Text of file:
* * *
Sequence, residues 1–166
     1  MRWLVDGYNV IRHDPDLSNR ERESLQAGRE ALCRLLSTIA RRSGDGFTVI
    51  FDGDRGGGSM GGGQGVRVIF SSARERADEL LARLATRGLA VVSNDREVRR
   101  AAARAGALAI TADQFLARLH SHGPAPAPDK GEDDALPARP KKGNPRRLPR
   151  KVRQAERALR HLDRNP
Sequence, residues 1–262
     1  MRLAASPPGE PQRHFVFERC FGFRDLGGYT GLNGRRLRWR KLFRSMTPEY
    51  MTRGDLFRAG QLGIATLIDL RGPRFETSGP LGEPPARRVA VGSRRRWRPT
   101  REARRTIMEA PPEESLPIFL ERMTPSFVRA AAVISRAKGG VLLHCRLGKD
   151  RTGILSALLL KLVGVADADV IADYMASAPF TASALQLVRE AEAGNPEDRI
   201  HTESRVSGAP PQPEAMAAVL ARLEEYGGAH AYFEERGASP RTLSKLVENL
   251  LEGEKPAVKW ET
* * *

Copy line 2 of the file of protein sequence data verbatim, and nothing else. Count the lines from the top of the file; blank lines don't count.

     1  MRWLVDGYNV IRHDPDLSNR ERESLQAGRE ALCRLLSTIA RRSGDGFTVI